As specific examples of the aforesaid weakly alkaline solvent used for dissolving the chelate-forming compound, mention can be made of the aqueous caustic soda solution, aqueous caustic potash solution and aqueous ammonia solution, of the order of 0.5-5% by weight concentration. On the other hand, as the organic solvent for the oligomers, included are toluene, xylene, etc. The chelate-forming compounds are exemplified as follows: iminodiacetic acid ##STR8## and the alkali metal salts thereof; nitrilotriacetic acid ##STR9## and the alkali metal salts thereof; N-hydroxyethyliminodiacetic acid ##STR10## and the alkali metal salts thereof; diethylenetriaminopentaacetic acid ##STR11## and the alkali metal salts thereof; 1,2-cyclohexanediaminetetraacetic acid ##STR12## and the alkali metal salts thereof; trimethylenediaminetetraacetic acid ##STR13## and the alkali metal salts thereof; ethylene glycol diethyl ether diamine tetraacetic acid ##STR14## and the alkali metal salts thereof; beta-aminoethylphosphonic-N,N-diacetic acid ##STR15## and the alkali metal salts thereof; ethylenediaminetetraacetic acid ##STR16## and the alkali metal salts thereof; triethylenetetraminehexaacetic acid ##STR17## and the alkali metal salts thereof; aminomethylphosphonic-N,N-diacetic acid ##STR18## and the alkali metal salts thereof; iminodiacetic acid propylene oxide ##STR19## and the alkali metal salts thereof; and iminodiacetic acid propylene oxide oligomer ##STR20## and the alkali metal salts thereof. As the foregoing alkali OH metal salts, the salts of Na and K can be mentioned.

In the invention method, the use of an adsorbent solid on which has been adsorptively supported a chelate-forming compound, as above described, is much more desirable than the use of the resins. The advantages that are had by the use of the adsorbent solid instead of the resins are as follows:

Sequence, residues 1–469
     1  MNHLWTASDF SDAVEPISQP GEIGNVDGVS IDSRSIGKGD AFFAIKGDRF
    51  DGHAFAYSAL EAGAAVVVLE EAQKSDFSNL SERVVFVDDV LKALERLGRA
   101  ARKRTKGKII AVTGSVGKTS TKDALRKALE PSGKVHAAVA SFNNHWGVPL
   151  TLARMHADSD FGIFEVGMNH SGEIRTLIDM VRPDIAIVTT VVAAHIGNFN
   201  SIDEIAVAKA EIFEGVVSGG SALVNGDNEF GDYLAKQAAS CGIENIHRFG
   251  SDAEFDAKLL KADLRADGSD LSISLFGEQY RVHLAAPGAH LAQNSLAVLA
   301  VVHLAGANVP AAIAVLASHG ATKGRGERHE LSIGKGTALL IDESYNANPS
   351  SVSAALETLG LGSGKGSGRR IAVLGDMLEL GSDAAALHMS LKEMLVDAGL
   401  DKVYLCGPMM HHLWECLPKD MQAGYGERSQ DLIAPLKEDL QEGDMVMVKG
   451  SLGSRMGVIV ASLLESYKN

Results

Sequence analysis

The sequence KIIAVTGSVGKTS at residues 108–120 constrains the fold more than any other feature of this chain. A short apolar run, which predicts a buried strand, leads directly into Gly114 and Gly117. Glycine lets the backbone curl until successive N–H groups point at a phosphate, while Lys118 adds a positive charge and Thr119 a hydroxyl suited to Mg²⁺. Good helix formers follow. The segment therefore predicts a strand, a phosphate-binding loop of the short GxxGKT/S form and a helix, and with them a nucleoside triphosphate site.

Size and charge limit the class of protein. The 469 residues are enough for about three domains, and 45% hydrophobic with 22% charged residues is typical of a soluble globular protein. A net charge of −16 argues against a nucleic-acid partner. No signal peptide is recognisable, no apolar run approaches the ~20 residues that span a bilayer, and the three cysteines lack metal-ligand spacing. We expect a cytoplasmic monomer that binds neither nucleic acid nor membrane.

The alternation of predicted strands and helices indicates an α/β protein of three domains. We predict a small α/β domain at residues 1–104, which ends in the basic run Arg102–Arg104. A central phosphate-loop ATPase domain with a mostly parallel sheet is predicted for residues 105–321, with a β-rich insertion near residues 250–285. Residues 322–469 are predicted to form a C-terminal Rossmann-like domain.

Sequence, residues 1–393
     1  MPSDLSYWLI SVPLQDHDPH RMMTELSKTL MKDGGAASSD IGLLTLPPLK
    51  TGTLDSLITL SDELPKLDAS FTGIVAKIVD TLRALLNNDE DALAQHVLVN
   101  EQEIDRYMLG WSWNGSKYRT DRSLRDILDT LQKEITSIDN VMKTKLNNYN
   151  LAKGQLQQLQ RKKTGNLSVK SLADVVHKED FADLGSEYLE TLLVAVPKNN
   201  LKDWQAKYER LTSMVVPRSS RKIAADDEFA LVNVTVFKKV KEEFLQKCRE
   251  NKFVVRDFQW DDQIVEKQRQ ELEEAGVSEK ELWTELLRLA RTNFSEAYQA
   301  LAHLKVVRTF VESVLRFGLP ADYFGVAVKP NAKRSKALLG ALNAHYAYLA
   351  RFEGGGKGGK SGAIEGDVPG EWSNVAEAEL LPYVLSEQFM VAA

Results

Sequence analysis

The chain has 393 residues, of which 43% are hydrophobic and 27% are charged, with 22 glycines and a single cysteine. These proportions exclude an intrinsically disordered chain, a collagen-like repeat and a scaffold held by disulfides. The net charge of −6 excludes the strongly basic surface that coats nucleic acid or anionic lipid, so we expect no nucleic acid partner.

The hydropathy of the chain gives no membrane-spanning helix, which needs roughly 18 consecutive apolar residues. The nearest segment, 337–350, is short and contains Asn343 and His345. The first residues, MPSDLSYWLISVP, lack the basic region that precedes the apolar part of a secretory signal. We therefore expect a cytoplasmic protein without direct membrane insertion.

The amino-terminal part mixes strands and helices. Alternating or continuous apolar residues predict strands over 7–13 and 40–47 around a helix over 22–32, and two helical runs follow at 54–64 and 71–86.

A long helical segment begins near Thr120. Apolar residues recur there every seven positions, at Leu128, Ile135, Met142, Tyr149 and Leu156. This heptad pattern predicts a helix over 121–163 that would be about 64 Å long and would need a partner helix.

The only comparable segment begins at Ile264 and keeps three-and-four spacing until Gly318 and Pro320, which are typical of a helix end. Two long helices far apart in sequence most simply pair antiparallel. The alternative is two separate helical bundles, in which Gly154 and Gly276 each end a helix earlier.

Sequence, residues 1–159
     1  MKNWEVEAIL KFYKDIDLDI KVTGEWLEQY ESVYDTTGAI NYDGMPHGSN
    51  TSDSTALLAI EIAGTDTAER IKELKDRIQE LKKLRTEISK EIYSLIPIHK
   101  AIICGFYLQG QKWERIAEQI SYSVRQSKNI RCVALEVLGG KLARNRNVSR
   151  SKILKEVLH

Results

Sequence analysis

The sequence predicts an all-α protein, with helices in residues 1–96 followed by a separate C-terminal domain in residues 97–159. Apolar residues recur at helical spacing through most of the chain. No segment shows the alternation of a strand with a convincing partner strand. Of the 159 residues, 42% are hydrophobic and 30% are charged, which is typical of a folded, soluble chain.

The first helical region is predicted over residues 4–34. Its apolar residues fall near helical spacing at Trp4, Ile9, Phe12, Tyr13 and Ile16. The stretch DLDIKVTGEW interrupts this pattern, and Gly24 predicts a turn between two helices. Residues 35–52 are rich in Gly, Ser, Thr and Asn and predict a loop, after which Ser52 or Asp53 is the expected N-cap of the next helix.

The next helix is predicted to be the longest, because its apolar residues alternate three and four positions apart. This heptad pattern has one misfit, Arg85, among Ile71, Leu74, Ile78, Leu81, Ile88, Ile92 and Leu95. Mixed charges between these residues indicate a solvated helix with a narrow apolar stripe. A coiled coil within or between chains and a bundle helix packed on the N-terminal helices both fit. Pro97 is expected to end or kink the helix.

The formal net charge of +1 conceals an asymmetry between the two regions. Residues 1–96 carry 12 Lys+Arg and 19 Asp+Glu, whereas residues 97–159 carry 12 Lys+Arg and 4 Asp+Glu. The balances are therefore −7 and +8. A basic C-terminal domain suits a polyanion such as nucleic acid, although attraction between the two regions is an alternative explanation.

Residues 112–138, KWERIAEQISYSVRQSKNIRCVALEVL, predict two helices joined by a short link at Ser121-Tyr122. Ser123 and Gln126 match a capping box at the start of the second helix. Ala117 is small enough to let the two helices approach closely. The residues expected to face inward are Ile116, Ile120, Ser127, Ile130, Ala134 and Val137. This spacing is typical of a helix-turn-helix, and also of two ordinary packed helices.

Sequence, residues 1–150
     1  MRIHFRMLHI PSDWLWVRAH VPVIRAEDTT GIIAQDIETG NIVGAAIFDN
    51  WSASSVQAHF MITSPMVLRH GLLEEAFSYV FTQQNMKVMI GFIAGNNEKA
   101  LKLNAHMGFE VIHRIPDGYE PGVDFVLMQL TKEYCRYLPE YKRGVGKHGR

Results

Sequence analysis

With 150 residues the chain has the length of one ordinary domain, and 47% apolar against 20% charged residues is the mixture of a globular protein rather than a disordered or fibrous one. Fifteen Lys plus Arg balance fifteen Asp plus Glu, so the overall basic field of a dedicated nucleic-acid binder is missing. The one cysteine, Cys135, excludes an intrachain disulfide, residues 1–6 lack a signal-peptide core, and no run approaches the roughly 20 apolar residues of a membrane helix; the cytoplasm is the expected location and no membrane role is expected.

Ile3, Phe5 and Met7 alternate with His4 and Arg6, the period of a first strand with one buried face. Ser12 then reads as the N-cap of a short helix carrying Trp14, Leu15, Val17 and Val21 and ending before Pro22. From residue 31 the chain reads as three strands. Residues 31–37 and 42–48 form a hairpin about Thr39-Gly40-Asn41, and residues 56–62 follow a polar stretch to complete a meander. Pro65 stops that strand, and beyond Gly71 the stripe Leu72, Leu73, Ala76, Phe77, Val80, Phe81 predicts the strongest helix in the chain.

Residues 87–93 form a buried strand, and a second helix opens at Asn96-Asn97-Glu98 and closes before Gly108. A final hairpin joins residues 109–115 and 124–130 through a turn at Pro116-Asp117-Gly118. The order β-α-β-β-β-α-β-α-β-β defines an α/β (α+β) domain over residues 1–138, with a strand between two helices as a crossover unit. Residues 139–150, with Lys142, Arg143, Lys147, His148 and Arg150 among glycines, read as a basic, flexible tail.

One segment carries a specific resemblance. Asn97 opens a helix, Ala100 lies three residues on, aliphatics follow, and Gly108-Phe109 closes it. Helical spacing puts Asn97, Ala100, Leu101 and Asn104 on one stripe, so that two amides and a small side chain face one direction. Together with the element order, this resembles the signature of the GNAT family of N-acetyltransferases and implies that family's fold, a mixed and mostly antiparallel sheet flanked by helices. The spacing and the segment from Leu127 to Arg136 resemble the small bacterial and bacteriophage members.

(1) The preparation of the adsorbent solid is exceedingly simple, since it consists in merely causing the adsorption by the adsorbent carrier of the chemical containing the group >N--CH2 COOH. Hence, this adsorbent solid can be prepared at low cost.

(2) It is an easy matter to increase the surface area of the adsorbent carrier. Hence, since the chemical can be adsorbed without impairment of the carrier, the reaction speed can be enhanced in view of the properties inherently possessed by the adsorbent.

(3) Since the physical configuration of the carrier can be optionally chosen, in practicing the method a wide range of equipment can be employed for the treatment. For instance, the size of the packed layer and its height can be optionally chosen. In addition, since an optional choice of the specific gravity of the carrier can be made, it becomes possible to adopt a fluidized bed type of process.

(4) The mechanical strength of the adsorbent solid is great, and it possesses great resistance to attrition.

(5) It is exceedingly stable chemically, it being resistant to acids and alkalis.

While the above-described chelate-forming water-insoluble resin (a) capable forming an intramolecular complex with the Mg and Ca ions and the water-insoluble adsorbent solid (b) adsorptively supporting a chelate-forming compound are imposed no particular restrictions as to their particle size, preferred are those having a particle size on the order of about 10-60 mesh.